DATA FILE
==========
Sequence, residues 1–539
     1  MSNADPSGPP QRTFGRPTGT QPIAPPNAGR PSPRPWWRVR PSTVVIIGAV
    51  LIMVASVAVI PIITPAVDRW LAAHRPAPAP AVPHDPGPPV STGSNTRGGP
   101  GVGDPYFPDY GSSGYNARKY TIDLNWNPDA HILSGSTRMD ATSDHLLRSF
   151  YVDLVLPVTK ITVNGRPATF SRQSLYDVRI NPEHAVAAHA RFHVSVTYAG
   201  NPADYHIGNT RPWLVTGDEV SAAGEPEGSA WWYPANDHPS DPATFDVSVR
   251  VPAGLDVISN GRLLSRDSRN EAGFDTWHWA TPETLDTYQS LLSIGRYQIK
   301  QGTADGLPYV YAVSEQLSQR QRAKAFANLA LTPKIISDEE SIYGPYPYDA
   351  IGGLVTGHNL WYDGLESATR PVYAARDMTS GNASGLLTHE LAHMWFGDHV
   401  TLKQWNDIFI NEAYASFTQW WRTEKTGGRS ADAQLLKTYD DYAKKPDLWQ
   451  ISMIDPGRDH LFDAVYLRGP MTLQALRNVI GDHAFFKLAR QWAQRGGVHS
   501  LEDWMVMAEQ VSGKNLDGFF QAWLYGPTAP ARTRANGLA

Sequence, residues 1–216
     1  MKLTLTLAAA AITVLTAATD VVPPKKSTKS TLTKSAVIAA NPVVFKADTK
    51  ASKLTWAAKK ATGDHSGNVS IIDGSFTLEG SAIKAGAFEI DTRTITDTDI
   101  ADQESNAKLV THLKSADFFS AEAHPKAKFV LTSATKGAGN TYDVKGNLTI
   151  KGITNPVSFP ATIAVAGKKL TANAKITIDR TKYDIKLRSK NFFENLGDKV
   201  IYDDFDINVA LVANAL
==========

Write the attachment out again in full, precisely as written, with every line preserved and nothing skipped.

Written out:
Sequence, residues 1–539
     1  MSNADPSGPP QRTFGRPTGT QPIAPPNAGR PSPRPWWRVR PSTVVIIGAV
    51  LIMVASVAVI PIITPAVDRW LAAHRPAPAP AVPHDPGPPV STGSNTRGGP
   101  GVGDPYFPDY GSSGYNARKY TIDLNWNPDA HILSGSTRMD ATSDHLLRSF
   151  YVDLVLPVTK ITVNGRPATF SRQSLYDVRI NPEHAVAAHA RFHVSVTYAG
   201  NPADYHIGNT RPWLVTGDEV SAAGEPEGSA WWYPANDHPS DPATFDVSVR
   251  VPAGLDVISN GRLLSRDSRN EAGFDTWHWA TPETLDTYQS LLSIGRYQIK
   301  QGTADGLPYV YAVSEQLSQR QRAKAFANLA LTPKIISDEE SIYGPYPYDA
   351  IGGLVTGHNL WYDGLESATR PVYAARDMTS GNASGLLTHE LAHMWFGDHV
   401  TLKQWNDIFI NEAYASFTQW WRTEKTGGRS ADAQLLKTYD DYAKKPDLWQ
   451  ISMIDPGRDH LFDAVYLRGP MTLQALRNVI GDHAFFKLAR QWAQRGGVHS
   501  LEDWMVMAEQ VSGKNLDGFF QAWLYGPTAP ARTRANGLA

Sequence, residues 1–216
     1  MKLTLTLAAA AITVLTAATD VVPPKKSTKS TLTKSAVIAA NPVVFKADTK
    51  ASKLTWAAKK ATGDHSGNVS IIDGSFTLEG SAIKAGAFEI DTRTITDTDI
   101  ADQESNAKLV THLKSADFFS AEAHPKAKFV LTSATKGAGN TYDVKGNLTI
   151  KGITNPVSFP ATIAVAGKKL TANAKITIDR TKYDIKLRSK NFFENLGDKV
   201  IYDDFDINVA LVANAL